Increasing Climate Literacy - 09/09/2010
Climate Change and the Cadastral Surveyor
Climate change is said to have numerous impacts on land or, more generally, the environment. It consequently also affects property rights and boundaries, and climate change induced by boundary changes will increasingly pose a challenge to cadastral surveyors. Referring mainly to land administration practice in Australia, the author identifies five topics – drought, sea-level rise, natural disaster, sustainability and carbon trading – in which the cadastral surveyor is already involved or could play a future prevalent role.
Drought shrinks riverbeds, forces governments to invest in water infrastructure, and requires innovative water governance and management. River boundaries are common in rural areas, with the property boundary generally extending to the riverbank or middle of the river, defined as midway between banks. In New South Wales (NSW) the ‘bank’ is defined as the limit of the ‘bed’; that is, ‘the whole of the soil of any lake or river […] which is adequate to contain the lake or river at its average or mean stage’. Determination of averages or means requires observations over time. What is the proper time span? River boundaries move due to erosion and accretion; can boundaries also move due to prolonged drought, possibly resulting in ‘permanent’ reduction to a riverbed? Hallman notes that in the State of Alabama versus the State of Georgia case, a riverbed is defined as ‘its average and mean stage during the entire year.’ Willis mentions a case, Kingdom versus The Hutt River Board (1905) 25 N.Z.L.R 145, in which reference is made to extreme events happening once in every two or three years. To take the illustration to the extreme, consider the recently flooded Castlereagh River in western NSW, (Figures 1); the State Emergency Services describes the riverbed thus: ‘Normally the river here has a dry, sandy bed’ (website 1). Does ‘normally’ suggest average or mean stage, and is the riverbed accordingly a legal entity? Such definitions increasingly require the attention of surveyors, especially where riverbanks are vaguely defined. Authorities may prefer to define a river boundary more explicitly than await court decisions.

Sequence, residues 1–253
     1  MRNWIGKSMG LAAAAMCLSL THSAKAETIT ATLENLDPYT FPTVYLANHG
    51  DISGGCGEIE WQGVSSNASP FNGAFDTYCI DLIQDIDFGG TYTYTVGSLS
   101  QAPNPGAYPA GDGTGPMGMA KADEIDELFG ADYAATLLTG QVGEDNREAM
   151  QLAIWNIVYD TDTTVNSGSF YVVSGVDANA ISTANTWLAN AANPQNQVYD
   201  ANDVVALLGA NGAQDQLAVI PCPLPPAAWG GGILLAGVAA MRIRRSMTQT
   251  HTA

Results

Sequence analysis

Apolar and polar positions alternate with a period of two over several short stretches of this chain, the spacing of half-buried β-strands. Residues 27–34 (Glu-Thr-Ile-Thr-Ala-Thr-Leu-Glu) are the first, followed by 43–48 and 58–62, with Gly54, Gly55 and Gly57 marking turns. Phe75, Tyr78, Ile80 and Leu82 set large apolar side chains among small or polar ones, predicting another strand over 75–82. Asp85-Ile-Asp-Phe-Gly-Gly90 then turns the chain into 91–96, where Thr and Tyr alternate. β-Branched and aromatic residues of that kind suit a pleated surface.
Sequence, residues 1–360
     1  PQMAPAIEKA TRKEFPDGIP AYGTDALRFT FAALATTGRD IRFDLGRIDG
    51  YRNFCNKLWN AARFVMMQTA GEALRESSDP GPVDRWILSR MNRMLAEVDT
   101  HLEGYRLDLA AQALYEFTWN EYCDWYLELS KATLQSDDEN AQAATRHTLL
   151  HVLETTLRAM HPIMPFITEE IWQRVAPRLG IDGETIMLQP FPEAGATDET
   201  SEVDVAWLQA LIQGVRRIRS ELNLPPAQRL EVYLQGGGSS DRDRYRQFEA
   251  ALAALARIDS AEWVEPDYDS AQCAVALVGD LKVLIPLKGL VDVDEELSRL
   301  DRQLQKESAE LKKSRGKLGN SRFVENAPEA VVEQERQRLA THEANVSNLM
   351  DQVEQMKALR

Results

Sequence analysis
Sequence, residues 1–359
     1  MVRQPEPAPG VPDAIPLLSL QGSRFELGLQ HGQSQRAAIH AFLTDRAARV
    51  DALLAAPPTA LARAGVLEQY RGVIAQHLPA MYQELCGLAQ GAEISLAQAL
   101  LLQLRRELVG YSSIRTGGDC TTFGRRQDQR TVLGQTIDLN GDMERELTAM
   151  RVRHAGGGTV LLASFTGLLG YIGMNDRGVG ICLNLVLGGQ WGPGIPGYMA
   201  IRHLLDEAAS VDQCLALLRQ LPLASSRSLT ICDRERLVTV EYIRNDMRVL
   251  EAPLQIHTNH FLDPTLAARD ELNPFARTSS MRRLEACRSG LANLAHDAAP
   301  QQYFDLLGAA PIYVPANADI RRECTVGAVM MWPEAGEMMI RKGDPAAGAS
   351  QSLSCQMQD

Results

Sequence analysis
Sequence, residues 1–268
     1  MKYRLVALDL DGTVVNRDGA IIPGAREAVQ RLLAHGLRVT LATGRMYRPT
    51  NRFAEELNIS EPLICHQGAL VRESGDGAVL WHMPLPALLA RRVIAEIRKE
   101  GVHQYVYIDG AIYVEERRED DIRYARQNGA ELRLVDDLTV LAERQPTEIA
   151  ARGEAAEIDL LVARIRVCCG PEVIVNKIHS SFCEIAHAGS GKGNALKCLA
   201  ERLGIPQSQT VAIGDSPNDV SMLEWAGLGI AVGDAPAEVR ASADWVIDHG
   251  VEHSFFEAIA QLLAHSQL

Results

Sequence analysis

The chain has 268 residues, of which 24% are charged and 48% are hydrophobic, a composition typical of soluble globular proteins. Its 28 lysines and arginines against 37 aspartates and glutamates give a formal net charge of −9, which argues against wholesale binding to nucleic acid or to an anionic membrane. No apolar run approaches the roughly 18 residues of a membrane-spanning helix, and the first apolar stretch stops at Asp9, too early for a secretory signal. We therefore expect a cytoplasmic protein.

Loss and Gain
Sea-level rise results in properties ‘moving’ closer to beach and sea, and/or becoming inundated (Figures 2 left and right/below). When planning urban sprawl governments apply added restrictions to protect property and manage infrastructure, often affecting the cadastre. Since the seabed is considered Crown land, legislation should resolve these issues. Under the Australian Torrens Title system straight-line boundaries are considered indefeasible, and recent court decisions brought no clarification (Figure 3, in next paragraph). Legislation has also been called for to enable acquisition of property when boundaries ‘encroach’ on the beach, thus limiting public access. Determining whether erosion and accretion is a natural event, or due to manmade defences against it, may complicate boundary determination. Flushman and Frank suggest that laws defining the littoral boundaries of land have been ‘adopted based on long experience with physical regimes that were stable over the long term and tended toward an equilibrium; what was gained over time could also be lost over time’. They further suggest that ‘climate change challenges the basic assumption on which our traditional boundary rules have been based’.